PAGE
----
Preventive Detention of Masood Bhat quashed: J & K HC

In a detailed judgment, Justice Ali Mohammad Magrey found that the detention of Masood Ahmed Bhat violated the settled position of law.

On September 25, 2019 a judgement from Justice Ali Mohammad Magrey of the Jammu and Kashmir high court kindled hopes for other detainees. The Judge quashed the preventive detention of Masood Ahmad Bhat dated January 22. The court further said the detenu, a resident of Chidder, Kulgam district should be released from preventive custody forthwith.

However the man would still remain in custody s since Bhat is also accused of a substantive offence in FIR No. 116/2018 under sections of Unlawful Activities (Prevention) Act (UAPA), is already in custody and has not applied for bail for that, he would, therefore, remain in custody unless granted bail for the UAPA offence.

What is significant, however, is that Justice Magrey found Bhat’s detention vitiated, in view of the settled position of law. Although Bhat’s detention predates the Centre’s controversial August 5 decision to revoke Jammu and Kashmir’s special status, and the subsequent clampdown in the state resulting in preventive detention of several political activists, the grounds cited to quash Bhat’s detention in Justice Magrey’s judgment could come to the rescue of other detainees, whose detention might be similar to that of Bhat.

The Hindu has today reported that the habeas corpus cases in the J & K High Court shot up to 120 in August and September 2019 respectively, The Hindu also reported that in an interview to the paper, the erstwhile state’s Director General of Police, Dilbar Singh admitted to 800 being detained with as many as 150 being sent to jails out of the state.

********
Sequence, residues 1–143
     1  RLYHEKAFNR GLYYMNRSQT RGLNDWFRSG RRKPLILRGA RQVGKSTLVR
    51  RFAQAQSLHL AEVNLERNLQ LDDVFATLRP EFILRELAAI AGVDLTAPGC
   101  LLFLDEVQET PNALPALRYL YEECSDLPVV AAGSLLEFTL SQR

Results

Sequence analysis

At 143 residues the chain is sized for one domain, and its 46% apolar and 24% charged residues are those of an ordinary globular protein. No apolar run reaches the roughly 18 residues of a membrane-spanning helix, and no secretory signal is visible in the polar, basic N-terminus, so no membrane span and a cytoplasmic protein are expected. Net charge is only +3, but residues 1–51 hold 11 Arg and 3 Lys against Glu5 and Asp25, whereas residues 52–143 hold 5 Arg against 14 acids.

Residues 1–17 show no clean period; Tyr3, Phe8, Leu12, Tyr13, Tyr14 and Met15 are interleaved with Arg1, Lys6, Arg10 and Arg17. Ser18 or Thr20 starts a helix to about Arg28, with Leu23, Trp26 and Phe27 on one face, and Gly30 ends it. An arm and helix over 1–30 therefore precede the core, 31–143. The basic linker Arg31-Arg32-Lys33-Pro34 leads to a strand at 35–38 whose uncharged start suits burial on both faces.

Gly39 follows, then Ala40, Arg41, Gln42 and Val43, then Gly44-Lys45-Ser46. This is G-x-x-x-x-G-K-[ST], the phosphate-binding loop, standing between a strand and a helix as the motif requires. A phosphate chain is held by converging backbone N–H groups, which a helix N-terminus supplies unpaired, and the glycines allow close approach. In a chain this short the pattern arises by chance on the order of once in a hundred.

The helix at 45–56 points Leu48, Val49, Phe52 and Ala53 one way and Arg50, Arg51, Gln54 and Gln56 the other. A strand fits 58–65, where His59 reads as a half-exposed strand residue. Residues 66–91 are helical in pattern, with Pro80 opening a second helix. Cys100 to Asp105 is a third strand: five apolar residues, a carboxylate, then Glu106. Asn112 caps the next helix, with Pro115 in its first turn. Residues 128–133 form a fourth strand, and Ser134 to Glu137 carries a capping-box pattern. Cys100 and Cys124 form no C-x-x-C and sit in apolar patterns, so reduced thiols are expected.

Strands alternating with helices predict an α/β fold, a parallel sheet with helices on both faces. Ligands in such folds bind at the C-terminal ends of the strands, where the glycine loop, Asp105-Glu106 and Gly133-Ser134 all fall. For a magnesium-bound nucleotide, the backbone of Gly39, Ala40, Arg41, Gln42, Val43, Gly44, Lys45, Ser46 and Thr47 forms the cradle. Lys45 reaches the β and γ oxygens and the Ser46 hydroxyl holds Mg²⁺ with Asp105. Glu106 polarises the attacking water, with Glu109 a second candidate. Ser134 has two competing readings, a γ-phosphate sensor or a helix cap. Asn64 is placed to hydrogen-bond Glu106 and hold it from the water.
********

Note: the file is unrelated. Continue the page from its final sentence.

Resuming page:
Bhat had sought his release through his brother.  Bhat challenged the order of his detention on the following grounds:
“a) that no compelling reason or circumstance was disclosed in the order or grounds of detention to take the detenu in preventive detention, more so in view of the fact that as on the date of passing of the aforesaid order of detention, the detenu was already in custody;
b) that the detenu has not been provided the material forming basis of the detention order, to make an effective representation against his detention order;
c) that the detaining authority has not prepared the grounds of detention by itself, which is a pre-requisite for him before passing any detention order.”

Justice Magrey recorded his findings as follows:
Despite direction, the detention order was not produced.
In the absence of material, the detention order is passed on mere ipsi dixit (an assertion without proof) of detaining authority;  therefore, the detention order is bad in law.

Justice Magrey added: